“I’m as determined as ever,” Dixon said. “The longer you get in this place and you have four or five second places and three of them got booked, those are the ones that hurt the most because you couldn’t even fight for it. One of these was given when it had run its full course.

“They suck.

“But that’s also what keeps the fire really strong. Those narrow failures keep you up at night and also annoy you.

“This place owes me nothing. I like coming here. It’s a privilege to come here and I’m very lucky to be here with one of the best teams in the sport.

“We’ll keep digging. We will keep knocking on the door and hopefully one day it will open.

“Maybe someday, maybe someday I’ll get my second.”

Dixon leads a five-rider team for Chip Ganassi Racing at this year’s Indianapolis 500. Teammate and defending NTT IndyCar Series champion Alex Palou will start second in the No. 10 NTT DATA Honda. Marcus Ericsson starts fifth in the #8 Huski Chocolate Honda, Tony Kanaan is sixth in the #1 American Legion Honda and seven-time NASCAR Cup Series champion, and Indy 500 rookie Jimmie Johnson starts 12th in the #48 Carvana/ American Legion Honda.

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Seven-time NASCAR Cup Series Champion Jimmie Johnson will drive for Chip Ganassi Racing in his first Indy 500. (IndyCar photo)

Johnson is an important story because the four-time Brickyard 400 winner at NASCAR’s Indianapolis Motor Speedway was very impressive in practice and qualifying on the IMS oval.

“I’m really looking forward to it,” Johnson said. “When I was here last year watching as a fan, absorbing everything, the energy I experienced wasn’t like I’ve seen before. It was only half full. I can’t wait for race day to feel it with full energy.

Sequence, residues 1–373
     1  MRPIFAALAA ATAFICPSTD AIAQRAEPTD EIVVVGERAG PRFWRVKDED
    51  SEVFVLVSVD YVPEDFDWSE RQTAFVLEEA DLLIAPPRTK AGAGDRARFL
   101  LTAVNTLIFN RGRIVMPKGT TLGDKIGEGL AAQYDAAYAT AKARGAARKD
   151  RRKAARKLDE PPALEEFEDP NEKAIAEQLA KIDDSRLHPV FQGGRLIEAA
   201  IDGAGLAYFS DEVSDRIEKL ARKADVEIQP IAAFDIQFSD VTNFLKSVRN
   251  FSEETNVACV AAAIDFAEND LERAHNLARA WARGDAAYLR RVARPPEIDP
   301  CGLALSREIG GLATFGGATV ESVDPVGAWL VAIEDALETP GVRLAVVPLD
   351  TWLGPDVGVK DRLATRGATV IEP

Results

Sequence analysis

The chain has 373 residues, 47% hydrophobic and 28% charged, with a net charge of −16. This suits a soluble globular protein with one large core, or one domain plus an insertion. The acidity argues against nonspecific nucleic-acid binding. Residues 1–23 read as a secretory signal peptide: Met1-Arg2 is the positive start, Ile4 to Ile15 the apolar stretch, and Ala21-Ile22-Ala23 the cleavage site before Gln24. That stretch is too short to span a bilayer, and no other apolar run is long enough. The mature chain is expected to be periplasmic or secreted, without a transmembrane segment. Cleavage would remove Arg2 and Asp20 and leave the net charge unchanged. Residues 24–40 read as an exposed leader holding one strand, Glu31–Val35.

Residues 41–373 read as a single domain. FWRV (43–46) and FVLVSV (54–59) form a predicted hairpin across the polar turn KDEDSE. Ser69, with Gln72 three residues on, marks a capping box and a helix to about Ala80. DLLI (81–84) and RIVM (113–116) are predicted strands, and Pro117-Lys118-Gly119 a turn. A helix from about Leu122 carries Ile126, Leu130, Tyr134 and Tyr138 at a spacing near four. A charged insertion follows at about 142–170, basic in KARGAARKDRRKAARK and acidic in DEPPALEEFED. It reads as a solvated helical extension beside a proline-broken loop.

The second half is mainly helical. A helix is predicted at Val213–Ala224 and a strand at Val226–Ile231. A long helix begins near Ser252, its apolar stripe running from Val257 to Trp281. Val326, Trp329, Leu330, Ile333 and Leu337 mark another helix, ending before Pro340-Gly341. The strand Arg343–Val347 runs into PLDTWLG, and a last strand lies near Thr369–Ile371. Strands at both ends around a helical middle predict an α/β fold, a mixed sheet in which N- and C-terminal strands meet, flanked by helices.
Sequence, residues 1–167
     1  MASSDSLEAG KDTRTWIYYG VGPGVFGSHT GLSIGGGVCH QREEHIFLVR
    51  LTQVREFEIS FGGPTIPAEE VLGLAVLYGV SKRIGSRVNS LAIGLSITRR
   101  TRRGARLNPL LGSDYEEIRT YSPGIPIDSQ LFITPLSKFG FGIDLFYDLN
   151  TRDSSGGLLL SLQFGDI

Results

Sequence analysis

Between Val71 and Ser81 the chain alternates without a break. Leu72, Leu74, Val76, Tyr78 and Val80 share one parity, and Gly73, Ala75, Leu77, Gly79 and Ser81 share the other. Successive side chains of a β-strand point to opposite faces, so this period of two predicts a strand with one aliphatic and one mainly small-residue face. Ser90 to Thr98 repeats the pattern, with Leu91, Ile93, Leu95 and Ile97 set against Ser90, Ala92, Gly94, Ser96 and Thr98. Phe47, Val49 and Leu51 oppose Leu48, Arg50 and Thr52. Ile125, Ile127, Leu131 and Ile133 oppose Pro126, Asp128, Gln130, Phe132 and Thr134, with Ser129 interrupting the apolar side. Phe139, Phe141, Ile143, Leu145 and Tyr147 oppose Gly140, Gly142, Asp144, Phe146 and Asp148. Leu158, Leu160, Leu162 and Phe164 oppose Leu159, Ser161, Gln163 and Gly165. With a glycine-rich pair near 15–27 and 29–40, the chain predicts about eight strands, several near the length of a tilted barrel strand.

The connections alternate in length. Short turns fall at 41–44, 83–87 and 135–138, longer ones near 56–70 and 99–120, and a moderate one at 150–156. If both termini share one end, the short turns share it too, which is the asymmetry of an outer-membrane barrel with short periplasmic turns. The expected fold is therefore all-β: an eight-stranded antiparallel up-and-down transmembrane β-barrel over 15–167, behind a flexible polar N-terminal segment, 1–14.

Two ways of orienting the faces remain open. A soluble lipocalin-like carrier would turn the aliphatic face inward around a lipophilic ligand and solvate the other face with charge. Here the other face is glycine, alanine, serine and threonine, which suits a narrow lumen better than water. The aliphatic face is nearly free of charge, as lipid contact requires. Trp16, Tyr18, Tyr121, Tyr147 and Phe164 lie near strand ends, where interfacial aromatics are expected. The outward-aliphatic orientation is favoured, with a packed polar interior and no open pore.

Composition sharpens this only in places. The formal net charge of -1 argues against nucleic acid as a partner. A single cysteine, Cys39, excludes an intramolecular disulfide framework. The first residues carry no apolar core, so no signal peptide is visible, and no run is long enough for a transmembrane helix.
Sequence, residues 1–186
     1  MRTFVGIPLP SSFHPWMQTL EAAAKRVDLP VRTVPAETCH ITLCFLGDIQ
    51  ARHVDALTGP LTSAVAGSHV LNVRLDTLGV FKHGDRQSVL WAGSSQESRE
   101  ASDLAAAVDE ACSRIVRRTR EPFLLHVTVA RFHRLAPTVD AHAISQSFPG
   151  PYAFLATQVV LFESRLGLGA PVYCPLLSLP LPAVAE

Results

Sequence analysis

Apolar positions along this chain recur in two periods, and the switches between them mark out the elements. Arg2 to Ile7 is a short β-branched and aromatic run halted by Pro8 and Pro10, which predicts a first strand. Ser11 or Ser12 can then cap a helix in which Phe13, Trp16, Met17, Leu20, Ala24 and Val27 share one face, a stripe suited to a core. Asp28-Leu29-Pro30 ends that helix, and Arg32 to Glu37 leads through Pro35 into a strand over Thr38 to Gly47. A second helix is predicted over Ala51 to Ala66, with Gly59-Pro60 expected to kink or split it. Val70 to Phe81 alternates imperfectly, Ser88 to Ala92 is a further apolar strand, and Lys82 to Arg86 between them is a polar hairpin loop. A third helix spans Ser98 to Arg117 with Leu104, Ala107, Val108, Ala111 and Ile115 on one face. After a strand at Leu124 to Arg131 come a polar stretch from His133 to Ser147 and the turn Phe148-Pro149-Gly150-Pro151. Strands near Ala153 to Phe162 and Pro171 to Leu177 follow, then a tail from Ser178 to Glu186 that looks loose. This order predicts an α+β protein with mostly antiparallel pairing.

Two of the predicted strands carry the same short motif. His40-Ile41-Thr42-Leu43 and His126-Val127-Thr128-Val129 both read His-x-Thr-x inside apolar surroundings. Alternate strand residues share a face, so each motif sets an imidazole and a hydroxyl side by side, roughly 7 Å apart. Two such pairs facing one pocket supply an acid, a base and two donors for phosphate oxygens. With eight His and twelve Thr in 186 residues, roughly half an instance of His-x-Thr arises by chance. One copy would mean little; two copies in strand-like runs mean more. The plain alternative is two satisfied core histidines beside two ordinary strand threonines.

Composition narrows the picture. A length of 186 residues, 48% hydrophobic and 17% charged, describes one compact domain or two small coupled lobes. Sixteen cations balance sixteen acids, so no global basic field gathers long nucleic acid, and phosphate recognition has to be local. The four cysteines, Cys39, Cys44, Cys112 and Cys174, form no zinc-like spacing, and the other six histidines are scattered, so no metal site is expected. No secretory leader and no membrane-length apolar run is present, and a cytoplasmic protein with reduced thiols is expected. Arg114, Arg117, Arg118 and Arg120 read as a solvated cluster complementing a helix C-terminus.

“Every day as we get closer to the 500, it gets crowded. The pressure increases. I think the weekend was pretty busy with qualifying. I did not expect that; the stress demands that any driver would endure.

“Some of that is predictable with the media and trying to promote this great race is part of that. It’s weird to have tomorrow off and not be in the car at all and then just get in on Sunday.

“Again, just roll with it and soak up all I can.”

Another fast rookie is Andretti Autosport’s Roman Grosjean. The former Formula 1 driver starts in ninth place in the No. 28 DHL Honda.

“My children come on Saturday night,” Grosjean said. “I want them to be here for my first 500. In fact, on Monday, they can skip school on Tuesday. At least we can spend some time together before we go to Detroit. That’s cool.”

Rinus VeeKay will start outside the front row and the 21-year-old has a chance to break a 70-year record held by Troy Ruttman as the youngest Indianapolis 500 winner. Ruttman was 22 years old when he won in 1952.

Two-time Indianapolis 500 winners include Juan Pablo Montoya (2000 and 2015) and Takuma Sato (2017 and 2020). If either rider wins on Sunday, they will be the first triple winners to have claimed each of their three victories with three different teams.

There are many, many more storylines at Sunday’s 106th Indianapolis 500, and by the end of the race, some will potentially come to fruition.

Or a completely unexpected plot could unfold out of nowhere.

This is what makes the Indianapolis 500 so unique and so dramatic.